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The Donatist Controversy - What To Do With Lapsed Believers?

Julian Spriggs M.A.

The Donatist Controversy can be seen as an upsurge of the same conflict that had continued to rumble in the church since Cyprian, facing the same issues following the Decian persecution. The final persecution of the church by the Roman Empire was commanded by the Emperor Diocletian. Once that persecution ended with the abdication of the emperor, the church was again left with the problem of what to do with those who had forsaken their faith, and now wanted to return to fellowship. Should the church try to keep itself pure by excluding lapsed believers?

The controversy began when Mensurius, the bishop of Carthage, was accused of being a ‘traditor’, someone who had surrendered sacred books to the authorities during the persecution. He defended himself by saying that he only handed over books written by heretics, which had satisfied the Romans. Following the death of Mensurius, his archdeacon, Caecilian, was chosen to be bishop. He was hastily consecrated before many other bishops had arrived, especially the African bishops from the region of Numidia. His consecration therefore upset many people and sparked off great argument within the church.

The main reason was because the minister who officiated at the consecration of the new bishop, Felix of Aptunga, was himself accused of being a traditor. This brought up another more fundamental issue, if Felix really was a traditor, whether this invalidated Caecilian’s consecration. The wider question arose of whether a sacrament was invalidated if it was performed by an unworthy minister.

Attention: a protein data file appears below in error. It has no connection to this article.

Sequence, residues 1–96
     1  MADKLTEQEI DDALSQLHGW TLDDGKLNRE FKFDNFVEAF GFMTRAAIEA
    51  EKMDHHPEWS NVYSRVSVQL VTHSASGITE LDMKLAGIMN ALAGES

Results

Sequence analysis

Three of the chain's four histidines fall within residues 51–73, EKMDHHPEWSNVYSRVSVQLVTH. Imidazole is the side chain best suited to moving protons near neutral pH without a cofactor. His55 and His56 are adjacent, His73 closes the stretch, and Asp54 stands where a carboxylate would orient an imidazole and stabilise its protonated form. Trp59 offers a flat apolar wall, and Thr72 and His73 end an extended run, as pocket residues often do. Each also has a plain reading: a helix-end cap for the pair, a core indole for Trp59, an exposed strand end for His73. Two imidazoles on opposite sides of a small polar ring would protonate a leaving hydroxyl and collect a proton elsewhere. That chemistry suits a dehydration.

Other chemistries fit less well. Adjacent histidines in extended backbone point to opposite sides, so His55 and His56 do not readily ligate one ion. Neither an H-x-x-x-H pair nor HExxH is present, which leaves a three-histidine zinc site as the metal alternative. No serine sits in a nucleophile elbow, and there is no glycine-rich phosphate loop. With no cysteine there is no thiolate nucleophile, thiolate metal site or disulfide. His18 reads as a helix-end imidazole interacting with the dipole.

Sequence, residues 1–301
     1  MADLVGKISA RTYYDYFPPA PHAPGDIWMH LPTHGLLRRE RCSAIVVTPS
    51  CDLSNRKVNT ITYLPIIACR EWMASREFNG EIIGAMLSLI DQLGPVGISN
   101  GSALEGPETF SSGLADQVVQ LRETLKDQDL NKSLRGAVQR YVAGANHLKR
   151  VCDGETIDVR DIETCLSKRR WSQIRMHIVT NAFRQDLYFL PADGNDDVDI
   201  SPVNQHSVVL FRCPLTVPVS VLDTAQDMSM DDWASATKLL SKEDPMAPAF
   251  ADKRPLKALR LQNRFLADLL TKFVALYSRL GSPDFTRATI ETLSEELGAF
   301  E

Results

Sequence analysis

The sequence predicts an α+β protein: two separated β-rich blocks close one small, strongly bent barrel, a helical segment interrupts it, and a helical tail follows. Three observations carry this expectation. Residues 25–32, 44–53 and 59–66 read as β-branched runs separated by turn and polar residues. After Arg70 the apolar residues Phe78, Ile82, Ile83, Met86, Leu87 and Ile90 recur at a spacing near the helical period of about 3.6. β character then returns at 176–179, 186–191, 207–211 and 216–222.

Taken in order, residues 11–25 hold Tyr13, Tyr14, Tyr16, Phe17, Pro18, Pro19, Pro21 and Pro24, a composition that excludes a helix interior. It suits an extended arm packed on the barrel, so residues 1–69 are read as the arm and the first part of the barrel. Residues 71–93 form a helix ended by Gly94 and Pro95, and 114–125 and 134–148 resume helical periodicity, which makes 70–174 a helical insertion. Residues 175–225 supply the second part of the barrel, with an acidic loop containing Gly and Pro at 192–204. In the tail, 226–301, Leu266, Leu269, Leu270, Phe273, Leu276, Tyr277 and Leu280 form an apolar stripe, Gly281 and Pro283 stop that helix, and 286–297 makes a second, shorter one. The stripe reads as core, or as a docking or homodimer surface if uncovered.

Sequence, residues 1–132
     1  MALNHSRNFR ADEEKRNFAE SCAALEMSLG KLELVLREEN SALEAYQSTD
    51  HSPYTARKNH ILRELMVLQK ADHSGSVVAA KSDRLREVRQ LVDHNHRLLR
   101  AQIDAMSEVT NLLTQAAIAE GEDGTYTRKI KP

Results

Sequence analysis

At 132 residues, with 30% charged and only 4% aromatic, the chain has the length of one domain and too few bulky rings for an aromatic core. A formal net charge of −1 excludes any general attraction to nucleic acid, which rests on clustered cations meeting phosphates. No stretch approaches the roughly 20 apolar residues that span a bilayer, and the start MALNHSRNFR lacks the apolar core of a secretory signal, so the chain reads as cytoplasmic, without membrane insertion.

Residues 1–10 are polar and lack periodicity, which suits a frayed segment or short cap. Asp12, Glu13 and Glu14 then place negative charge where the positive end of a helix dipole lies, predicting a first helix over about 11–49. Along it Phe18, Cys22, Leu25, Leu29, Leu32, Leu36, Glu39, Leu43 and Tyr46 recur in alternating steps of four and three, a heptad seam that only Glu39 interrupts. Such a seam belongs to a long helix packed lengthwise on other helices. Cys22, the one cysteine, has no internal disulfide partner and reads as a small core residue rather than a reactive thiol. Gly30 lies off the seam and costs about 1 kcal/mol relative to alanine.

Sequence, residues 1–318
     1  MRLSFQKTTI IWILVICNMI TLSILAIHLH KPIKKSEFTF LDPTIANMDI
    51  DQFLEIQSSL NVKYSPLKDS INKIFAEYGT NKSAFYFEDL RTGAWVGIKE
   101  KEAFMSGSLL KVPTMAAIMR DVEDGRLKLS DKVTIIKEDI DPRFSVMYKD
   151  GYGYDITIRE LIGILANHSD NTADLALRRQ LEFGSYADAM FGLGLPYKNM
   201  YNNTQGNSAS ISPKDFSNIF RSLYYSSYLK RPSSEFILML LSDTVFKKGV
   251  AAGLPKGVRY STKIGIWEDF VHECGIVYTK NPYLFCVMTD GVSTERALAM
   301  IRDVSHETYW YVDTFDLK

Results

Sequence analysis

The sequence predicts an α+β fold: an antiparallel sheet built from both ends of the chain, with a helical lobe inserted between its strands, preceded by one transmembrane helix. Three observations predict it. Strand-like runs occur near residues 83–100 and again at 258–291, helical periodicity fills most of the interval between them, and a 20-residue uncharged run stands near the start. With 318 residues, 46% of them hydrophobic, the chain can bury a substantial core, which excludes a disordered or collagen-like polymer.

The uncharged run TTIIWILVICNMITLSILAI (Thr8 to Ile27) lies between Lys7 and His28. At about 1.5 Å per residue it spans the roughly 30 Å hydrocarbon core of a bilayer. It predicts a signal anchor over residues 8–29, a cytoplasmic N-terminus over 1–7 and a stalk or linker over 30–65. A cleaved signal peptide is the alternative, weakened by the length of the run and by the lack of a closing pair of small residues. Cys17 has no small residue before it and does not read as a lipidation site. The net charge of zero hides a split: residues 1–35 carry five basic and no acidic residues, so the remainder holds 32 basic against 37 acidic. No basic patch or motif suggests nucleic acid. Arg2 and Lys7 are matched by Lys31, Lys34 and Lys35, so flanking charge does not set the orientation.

Caecilian had upset a wealthy lady named Lucilla because he protested at her great devotion to a bone of a martyr. He also objected to the adoration given to the ‘confessors’, those who had remained faithful even under torture during the persecution. Lucilla led the opposition to Caecilian, supported by around seventy bishops from Numidia. They caused a schism in the church by consecrating Majorinus as a rival bishop of Carthage. The opposition came to be led by Donatus, one of the bishops from Numidia, whose name was given to the schism. The Donatists thought that the church was too lax in its discipline of lapsed believers and demanded a more rigorous approach. They gave themselves the title ‘Communion of Saints’, which the Catholic Church promptly took for itself.

This division was reported to the Emperor Constantine, who recognised Caecilian as the true bishop. In 313, Constantine declared that state protection will be given to the church, but he deliberately excluded Majorinus and his supporters from this. The Donatists protested to the emperor, demanding that their case be given a fair hearing. Several councils were held to investigate this issue. During the first in Rome in 313, Donatus was excommunicated after he could not prove the case against Caecilian. In 314, another council was held in Arles, when it was decided that the validity of the sacraments was not dependent on the holiness of the minister. The Donatists were again condemned, although they continued to exist for several hundred years.

The Donatist Controversy severely weakened the church in North Africa, leaving it without strength to survive after the Muslim invasion a few centuries later. On a wider level, the divisions in the church prevented Constantine from being able to use the church to hold his empire together as it began to fall apart.